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Tin by Padraig Kenny

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Christopher can't remember much about his life before he came to live with Mr Absalom. Snatches of memories sometimes surface; images of his mother and father that appear suddenly before fading into the smoke, blackness and flames of the fire. He remembers the fire most of all; his last, most powerful memory of his old life that chokes out everything else. However, his present life working for the eccentric engineer isn't all bad. He has his mechanical friends to keep him company. They are his family now. Full Review

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A Different Dog by Paul Jennings and Geoff Kelly

link=Category:{{{rating}}} Star Reviews Dyslexia Friendly, Confident Readers

Our hero is a boy, whose name we never learn. We know what he wants in life – with his mother exceedingly poor, and even his bed burnt to keep the two of them warm, he wants the prize offered by a down-a-mountain-and-back-up-and-down-again foot race. Winning the race and the large purse would also give him more status in the eyes of those kids that bully him, and it might even give him a voice – for he is almost mute. We quickly learn he never talks back to anyone, whatever the motivation, and can only speak aloud to himself – and, so it turns out, to a dog he rescues from a bad road accident he finds on his way up the hill to the start line… Full Review

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Twister by Juliette Forrest

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Twister certainly lives up to her stormy name. She's so stubborn and determined that she's almost a force of nature in her own right, and she's fiercely loyal to her family. Her beloved father has disappeared and her mother is sunk in a dreary depression where she barely seems aware of her daughter's existence: if it weren't for Aunt Honey and her wonderful cooking, and Point the dog, she would feel all alone in the world. Full Review

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Rebel Voices: The Rise of Votes for Women by Louise Kay Stewart and Eve Lloyd Knight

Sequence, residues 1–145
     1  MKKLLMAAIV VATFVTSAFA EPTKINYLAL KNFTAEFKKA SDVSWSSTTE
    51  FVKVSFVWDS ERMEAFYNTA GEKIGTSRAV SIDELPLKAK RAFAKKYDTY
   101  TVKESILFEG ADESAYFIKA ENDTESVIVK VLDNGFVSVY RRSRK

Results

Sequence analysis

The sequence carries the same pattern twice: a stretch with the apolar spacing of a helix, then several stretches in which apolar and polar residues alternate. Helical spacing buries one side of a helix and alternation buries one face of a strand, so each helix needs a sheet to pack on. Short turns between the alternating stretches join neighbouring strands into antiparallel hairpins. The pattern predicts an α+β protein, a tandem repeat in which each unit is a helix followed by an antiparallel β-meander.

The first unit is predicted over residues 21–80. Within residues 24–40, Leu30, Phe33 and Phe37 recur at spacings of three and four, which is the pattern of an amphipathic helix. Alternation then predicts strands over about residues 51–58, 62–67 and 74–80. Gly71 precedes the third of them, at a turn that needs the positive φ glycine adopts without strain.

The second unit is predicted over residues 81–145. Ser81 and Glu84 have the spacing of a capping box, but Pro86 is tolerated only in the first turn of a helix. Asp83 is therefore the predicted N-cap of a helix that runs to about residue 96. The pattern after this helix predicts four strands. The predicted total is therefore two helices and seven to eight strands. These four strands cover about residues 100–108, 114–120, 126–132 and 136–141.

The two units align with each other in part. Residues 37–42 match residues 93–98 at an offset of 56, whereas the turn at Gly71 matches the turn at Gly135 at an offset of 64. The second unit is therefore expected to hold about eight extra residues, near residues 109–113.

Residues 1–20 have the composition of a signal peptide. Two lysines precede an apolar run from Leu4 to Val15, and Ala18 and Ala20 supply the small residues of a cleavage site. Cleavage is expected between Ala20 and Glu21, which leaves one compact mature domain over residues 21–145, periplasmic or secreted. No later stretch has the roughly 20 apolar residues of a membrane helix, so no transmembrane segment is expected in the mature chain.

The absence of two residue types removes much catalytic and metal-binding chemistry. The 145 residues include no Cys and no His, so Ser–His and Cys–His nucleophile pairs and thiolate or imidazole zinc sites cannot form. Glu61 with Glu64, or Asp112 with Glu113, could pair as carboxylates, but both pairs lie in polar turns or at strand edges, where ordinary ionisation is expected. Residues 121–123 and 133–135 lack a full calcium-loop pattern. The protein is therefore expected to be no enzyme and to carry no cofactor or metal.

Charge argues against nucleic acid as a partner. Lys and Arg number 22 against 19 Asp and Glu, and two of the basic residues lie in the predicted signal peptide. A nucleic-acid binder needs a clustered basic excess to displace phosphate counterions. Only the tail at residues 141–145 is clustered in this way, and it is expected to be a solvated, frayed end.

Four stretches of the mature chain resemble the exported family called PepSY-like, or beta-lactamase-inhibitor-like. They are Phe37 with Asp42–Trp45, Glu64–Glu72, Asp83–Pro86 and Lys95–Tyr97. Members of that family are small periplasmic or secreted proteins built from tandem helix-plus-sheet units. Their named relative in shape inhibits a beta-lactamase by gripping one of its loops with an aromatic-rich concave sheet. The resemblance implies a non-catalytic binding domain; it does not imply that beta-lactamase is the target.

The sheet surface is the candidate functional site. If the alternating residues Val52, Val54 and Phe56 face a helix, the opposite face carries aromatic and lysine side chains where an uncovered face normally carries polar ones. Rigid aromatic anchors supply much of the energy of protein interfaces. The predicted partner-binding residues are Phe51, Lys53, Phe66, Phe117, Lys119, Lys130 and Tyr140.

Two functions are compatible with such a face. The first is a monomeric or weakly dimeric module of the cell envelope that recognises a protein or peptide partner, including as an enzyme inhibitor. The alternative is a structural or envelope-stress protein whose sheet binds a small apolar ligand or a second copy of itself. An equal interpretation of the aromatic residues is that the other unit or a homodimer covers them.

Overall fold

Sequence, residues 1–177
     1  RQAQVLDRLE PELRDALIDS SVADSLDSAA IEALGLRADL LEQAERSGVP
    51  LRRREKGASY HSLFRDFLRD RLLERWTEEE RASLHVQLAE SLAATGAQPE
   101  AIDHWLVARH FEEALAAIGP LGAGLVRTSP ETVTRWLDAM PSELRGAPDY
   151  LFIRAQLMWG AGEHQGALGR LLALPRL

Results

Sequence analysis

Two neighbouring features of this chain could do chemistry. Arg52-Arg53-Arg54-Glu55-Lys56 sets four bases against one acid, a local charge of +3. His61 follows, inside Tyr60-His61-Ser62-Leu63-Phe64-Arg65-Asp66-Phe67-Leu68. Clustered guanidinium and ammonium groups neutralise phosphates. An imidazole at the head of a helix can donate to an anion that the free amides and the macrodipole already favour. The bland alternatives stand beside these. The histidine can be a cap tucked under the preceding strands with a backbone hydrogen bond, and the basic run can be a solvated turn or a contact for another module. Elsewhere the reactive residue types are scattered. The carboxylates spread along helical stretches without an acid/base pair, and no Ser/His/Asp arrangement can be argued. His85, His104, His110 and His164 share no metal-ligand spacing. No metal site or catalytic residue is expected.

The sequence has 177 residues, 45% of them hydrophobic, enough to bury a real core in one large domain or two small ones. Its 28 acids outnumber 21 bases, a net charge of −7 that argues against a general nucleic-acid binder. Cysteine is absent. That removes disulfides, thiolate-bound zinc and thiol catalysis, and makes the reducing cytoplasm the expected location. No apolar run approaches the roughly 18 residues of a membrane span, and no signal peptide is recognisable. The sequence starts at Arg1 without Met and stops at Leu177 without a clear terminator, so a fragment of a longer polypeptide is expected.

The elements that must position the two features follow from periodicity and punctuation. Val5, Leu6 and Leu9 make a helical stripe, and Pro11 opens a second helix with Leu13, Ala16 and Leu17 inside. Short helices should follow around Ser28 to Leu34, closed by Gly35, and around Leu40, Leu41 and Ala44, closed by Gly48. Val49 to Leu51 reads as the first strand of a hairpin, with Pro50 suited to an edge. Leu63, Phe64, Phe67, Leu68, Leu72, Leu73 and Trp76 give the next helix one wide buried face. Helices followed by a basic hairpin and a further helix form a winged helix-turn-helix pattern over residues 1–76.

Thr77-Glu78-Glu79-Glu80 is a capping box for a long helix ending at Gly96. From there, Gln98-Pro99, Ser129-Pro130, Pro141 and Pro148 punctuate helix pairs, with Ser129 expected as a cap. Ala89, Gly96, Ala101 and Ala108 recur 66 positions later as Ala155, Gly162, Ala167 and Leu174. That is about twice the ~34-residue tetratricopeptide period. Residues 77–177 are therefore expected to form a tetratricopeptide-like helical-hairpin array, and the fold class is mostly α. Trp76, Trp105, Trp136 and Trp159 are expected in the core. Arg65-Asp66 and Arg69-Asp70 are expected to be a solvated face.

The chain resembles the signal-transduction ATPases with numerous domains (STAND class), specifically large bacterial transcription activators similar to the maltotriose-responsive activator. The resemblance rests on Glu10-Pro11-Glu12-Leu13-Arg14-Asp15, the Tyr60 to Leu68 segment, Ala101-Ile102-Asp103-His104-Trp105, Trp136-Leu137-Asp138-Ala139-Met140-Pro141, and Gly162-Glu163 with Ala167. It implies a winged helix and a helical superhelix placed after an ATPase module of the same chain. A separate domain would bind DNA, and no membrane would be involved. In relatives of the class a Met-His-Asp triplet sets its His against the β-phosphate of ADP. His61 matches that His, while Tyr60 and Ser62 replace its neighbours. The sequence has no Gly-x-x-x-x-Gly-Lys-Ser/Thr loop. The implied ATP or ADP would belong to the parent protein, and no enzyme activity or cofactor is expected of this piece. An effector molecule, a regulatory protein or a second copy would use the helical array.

link=Category:{{{rating}}} Star Reviews Confident Readers

Rule breakers. Risk takers. Rebel women. Law makers. A celebration of women rallying around the globe to win the vote.

Let's just get straight to it. I loved Rebel Voices: The Rise of Votes for Women. And I can't let a review pass without a brief note on the fabulous production values. The cover is stunning and deeply impactful as you can see. It has that lovely, bookish smell. The paper is thick and heavy. Everything about it tells you that this is a book with interesting and important information. It simply begs to be picked up and read. Full marks to Wren and Rook for this investment. Full Review

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Star Quality (Dance Trilogy 2) by Jean Ure

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Maddy, Caitlyn, Roz and Alex have all just been tested to go to the prestigious City Ballet School full time. Caitlyn, Roz and Alex all get their acceptance about a week later, but Maddy's is a little slower in coming. It was obviously delayed in the post. She was never actually worried that she wouldn't be accepted: well, she's an exceptional dancer and her family is ballet royalty. Where else would she be but City Ballet School? Caitlyn still can't quite believe the opportunity she's been given, particularly as she's not been dancing anywhere near as long as the others. It means so much to her. Full Review

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I Swapped My Brother On The Internet by Jo Simmons

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After a terrible argument over the Hanging Pants of Doom (don't ask), the sibling rivalry between Jonny and his older brother Ted comes to a head. Jonny fills out an application form at and sits back to wait for a new brother who is bound, surely, to be infinitely better than patronising, mocking, bullying, Ted. Right? Any brother would be better than Ted. Right? Of course! What on earth could go wrong?

Well, plenty as it happens. Full Review

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Twelve Nights by Andrew Zurcher

link=Category:{{{rating}}} Star Reviews Confident Readers, Teens

This story opens on a terrifying note. Kay and Eloise's father is working late at his college, as usual, but when the two girls and their mother arrive to pick him up, they are told he does not work there. In fact, everyone they meet insists they have never heard of him. It sounds like the beginning of a scary murder-mystery, or a cat-and-mouse chase in the style of James Bond or Dan Brown, but what actually lies behind this event is far stranger and more confusing. Later that night Kay hears voices at her window and embarks on a quest to rescue both her father and her younger sister from ruthless beings who are decidedly not human. Full Review

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Women in Sport: Fifty Fearless Athletes Who Played to Win by Rachel Ignotofsky